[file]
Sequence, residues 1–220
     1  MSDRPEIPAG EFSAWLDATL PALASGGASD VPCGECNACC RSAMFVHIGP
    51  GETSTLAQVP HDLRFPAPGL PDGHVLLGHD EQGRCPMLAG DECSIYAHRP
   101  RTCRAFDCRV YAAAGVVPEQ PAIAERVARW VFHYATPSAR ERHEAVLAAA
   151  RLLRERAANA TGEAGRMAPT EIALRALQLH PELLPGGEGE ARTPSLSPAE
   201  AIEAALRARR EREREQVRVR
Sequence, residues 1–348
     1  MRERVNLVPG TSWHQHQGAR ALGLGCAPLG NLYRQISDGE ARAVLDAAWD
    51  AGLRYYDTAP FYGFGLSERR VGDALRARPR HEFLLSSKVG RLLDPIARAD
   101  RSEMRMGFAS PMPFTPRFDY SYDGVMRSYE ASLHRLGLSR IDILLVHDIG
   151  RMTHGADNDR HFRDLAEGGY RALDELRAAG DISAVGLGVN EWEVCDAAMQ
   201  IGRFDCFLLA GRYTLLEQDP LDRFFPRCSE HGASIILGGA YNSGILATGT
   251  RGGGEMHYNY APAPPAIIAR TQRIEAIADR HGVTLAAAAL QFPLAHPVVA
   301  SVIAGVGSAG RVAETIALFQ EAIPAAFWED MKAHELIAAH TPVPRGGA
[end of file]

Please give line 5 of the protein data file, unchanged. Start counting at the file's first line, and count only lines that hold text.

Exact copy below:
   151  RLLRERAANA TGEAGRMAPT EIALRALQLH PELLPGGEGE ARTPSLSPAE